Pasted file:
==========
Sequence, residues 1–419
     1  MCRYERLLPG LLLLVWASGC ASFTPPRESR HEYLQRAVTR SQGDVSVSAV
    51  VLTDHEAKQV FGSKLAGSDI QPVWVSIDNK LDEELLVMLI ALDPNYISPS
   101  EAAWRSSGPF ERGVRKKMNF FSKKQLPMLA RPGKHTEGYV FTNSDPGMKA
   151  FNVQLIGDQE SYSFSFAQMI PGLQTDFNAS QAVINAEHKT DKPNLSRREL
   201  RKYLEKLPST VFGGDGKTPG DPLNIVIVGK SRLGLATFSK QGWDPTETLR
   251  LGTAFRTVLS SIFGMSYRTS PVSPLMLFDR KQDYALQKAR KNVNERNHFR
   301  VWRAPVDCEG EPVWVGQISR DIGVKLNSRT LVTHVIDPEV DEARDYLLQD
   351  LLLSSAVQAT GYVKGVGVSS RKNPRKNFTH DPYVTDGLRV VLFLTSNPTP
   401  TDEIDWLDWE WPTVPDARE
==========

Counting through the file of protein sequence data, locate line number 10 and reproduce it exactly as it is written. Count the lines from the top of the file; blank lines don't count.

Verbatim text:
   401  TDEIDWLDWE WPTVPDARE